Applicants may be freshmen, sophomores, and juniors. Applications will be accepted until October 6 at 11:59pm. Applicants may also be contacted for interviews. Approximately 10 students will chosen by a committee of faculty and staff at KIE. Applicants will be notified of their admission decision approximately by October 10. Any further questions about the Fellows program or the application process should be directed to Suzanne Katzenstein, Project Director of the Duke Human Rights Center at the Kenan Institute for Ethics (suzanne.katzenstein@duke.edu).

The Human Rights Fellows program at the Kenan Institute for Ethics Application

Instructions: Please answer all questions, and do not exceed the word limit. Email applications to Suzanne Katzenstein, suzanne.katzenstein@duke.edu by October 6 at 11:59pm.

  1. What is your name, year at Duke, email, and phone number?
  2. The guiding motto at the Kenan Institute for Ethics is “Think and Do.” When it comes to human rights issues, are you more of a “think-er” or a “do-er”? Please provide specific examples. (max. 250 words)
  3. Describe your participation in a team setting. What is your typical role? How do you contribute to the team? Please provide specific examples. (max. 250 words)
  4. You are given free reign to design an event about a human rights issue at Duke. Describe your event conceptually and how you would implement it. (max. 250 words)
  5. What else would you like us to know about you? (max. 100 words)

 

 

 

Sep 252014
 
 September 25, 2014

Mastery2014Activities for this academic year have officially begun for KIE’s two student-run projects in partnership with local refugee families to empower local refugee youth and women. Both programs are ongoing efforts begun by undergraduates as a way to continue community involvement initiated as part of the DukeImmerse: Uprooted/Rerouted program. The MASTERY program (Mentorship, Academics, and Self-esteem: Tutoring and Engaging with Refugee Youth) connects K-12 youth with Duke students who mentor and inspire younger students by sharing their own passion for learning. The SuWA program unites local refugee women in support of each other as well as providing skills and assistance such as English language tutoring. An acronym for Supporting Women’s Action, the program has grown quickly over the last year and is currently working toward helping establish local business enterprises. Each of the programs will be meeting regularly on Tuesday evenings.

How to get involved

Duke students interested in mentoring local youth or local refugee families who wish to register school-aged children should contact Cece Mercer: cecelia.mercer@duke.edu.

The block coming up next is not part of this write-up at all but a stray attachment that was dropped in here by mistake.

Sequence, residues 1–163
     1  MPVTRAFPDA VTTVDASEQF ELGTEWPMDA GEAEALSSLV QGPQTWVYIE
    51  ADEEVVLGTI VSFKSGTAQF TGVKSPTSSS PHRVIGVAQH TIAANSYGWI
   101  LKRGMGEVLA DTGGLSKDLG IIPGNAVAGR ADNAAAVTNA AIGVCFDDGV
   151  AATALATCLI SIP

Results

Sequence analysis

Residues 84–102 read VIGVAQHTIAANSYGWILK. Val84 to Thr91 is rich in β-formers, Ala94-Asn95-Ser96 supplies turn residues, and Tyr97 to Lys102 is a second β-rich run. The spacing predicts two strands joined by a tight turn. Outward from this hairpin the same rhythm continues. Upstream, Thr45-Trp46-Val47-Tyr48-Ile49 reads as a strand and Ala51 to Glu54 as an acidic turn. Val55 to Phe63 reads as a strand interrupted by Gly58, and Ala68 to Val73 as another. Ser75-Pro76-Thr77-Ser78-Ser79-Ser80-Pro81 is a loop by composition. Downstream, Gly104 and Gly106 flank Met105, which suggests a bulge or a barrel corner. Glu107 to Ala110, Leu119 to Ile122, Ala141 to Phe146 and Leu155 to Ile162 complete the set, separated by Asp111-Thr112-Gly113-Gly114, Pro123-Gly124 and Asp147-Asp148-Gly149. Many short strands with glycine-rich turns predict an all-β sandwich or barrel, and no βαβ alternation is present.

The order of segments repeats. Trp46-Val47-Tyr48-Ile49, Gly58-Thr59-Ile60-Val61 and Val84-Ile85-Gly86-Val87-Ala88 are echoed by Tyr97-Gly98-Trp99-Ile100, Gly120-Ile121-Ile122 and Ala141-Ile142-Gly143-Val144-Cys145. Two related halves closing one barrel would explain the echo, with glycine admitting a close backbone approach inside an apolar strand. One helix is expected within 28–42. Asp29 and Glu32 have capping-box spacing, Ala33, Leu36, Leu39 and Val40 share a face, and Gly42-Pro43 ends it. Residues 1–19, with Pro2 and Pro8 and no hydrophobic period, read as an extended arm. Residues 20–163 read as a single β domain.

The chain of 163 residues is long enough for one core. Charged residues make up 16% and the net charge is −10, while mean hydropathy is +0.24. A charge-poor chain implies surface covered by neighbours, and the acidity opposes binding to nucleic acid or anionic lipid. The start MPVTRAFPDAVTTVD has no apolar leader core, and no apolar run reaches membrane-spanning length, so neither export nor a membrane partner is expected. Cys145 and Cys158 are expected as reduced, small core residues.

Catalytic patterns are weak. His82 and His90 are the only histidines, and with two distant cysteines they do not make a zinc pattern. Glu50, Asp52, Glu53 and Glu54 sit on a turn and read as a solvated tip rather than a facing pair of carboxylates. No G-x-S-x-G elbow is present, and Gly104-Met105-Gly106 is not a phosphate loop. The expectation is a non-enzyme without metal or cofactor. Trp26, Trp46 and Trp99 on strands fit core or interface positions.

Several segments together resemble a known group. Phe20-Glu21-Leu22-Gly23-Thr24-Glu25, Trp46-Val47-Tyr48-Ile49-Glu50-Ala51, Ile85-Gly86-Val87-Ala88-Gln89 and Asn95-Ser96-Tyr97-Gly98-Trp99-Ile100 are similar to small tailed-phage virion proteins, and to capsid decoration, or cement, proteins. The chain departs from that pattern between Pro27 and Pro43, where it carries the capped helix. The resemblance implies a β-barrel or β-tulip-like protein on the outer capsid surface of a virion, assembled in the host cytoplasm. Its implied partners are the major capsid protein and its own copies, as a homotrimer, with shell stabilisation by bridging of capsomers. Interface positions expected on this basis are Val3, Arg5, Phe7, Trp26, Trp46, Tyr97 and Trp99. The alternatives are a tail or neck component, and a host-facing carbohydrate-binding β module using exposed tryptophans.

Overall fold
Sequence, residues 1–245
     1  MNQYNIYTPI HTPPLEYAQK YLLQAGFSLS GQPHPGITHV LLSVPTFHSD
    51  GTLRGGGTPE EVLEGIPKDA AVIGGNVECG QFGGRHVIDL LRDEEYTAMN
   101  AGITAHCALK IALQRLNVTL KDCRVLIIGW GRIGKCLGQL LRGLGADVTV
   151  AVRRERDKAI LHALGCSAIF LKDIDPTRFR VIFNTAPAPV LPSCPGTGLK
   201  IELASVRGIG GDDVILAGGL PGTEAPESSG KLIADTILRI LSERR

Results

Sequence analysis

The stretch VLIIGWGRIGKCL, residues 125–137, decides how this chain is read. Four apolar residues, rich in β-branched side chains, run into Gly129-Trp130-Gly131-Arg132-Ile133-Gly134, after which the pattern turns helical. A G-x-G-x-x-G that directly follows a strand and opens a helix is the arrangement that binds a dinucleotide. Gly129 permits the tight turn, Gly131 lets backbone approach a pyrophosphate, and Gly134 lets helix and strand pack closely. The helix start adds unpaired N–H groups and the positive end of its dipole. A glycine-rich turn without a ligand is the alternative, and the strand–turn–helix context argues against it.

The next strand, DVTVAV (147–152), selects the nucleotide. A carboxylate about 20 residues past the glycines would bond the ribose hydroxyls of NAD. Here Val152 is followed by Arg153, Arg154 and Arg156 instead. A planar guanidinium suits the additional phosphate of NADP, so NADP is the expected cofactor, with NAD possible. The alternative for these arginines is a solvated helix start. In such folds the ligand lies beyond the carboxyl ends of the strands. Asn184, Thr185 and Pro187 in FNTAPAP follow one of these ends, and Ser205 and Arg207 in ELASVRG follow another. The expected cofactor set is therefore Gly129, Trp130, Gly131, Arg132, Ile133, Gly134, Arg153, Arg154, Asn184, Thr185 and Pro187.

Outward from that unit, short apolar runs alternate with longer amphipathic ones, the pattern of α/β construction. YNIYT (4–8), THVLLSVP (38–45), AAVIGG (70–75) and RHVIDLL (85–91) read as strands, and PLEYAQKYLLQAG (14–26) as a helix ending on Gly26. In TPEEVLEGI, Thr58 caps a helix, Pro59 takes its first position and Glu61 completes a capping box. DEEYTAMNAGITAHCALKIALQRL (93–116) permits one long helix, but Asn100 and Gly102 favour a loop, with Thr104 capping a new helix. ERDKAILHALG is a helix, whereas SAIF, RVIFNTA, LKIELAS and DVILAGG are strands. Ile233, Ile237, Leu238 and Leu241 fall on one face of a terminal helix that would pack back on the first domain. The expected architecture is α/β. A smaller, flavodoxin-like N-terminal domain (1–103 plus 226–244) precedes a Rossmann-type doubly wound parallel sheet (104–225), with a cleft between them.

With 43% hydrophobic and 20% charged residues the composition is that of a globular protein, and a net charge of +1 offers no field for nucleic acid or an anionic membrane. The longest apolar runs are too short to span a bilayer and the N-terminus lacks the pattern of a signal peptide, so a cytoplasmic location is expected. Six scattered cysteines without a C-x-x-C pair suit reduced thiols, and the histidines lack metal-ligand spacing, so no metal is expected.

Local refugee women who wish to participate in SuWA may contact Leena El-Sadek: leena.el.sadek@duke.edu. Duke students interested in becoming English tutors should contact Leah Catotti: leah.catotti@duke.edu.

Sep 172014
 
 September 17, 2014

SuzanneDuke’s undergraduate curriculum was last revised in 2000, before programs like DukeEngage, DukeImmerse, and Bass Connections began to create new pathways and opportunities for so many undergraduates. After an initial informal inquiry, Arts and Sciences is launching a three-year exploratory committee aimed at revising the curriculum to reflect the changing educational landscape for Duke students. The committee is chaired by KIE Associate Director Suzanne Shanahan. The full scope of the project is outlined on Duke Today.

Describing it more as a “big tweak” than an overhaul, Arts and Sciences Dean Laurie Patton laid out three goals of the process: 1) Clarify and simplify the logic of the curriculum; 2) Create more opportunities for exploration and creativity in the curriculum; 3) Rethink Duke’s vision of disciplinary education.

Sep 162014
 
 September 16, 2014

Panel-sideview 400x300The issue of corporate responsibility and human rights has increasingly become a focus of public debate and media attention. What is the most effective strategy for encouraging corporate respect for human rights? Should the United Nations move forward with the proposed treaty on transnational business and human rights, or should it focus on implementing current voluntary codes of conduct?

These and many other questions were explored September 10th during the first of this year’s Conversations in Human Rights, focused on business and human rights. Sponsored by the Duke Human Rights Center at the Kenan Institute for Ethics, the series presents different issues with commentary from leading scholars and experts.

Panel participants for this event included Professor Fritz Mayer (Sanford School of Public Policy, Duke), Professor Aseem Prakash (Political Science, University of Washington), and Dr. Puvan Selvanathan (Head of Food and Agriculture at the U.N. Global Compact).

The panel explored the effectiveness of the U.N. Global Compact, a voluntary initiative covering corporate practices with respect to the environment, labor, human rights, and corruption, as well as the U.N. Guiding Principles on Business and Human Rights, adopted in 2011. Panelists also debated the potential of the proposed U.N. treaty to motivate corporate compliance and promote discussion of business and human rights issues.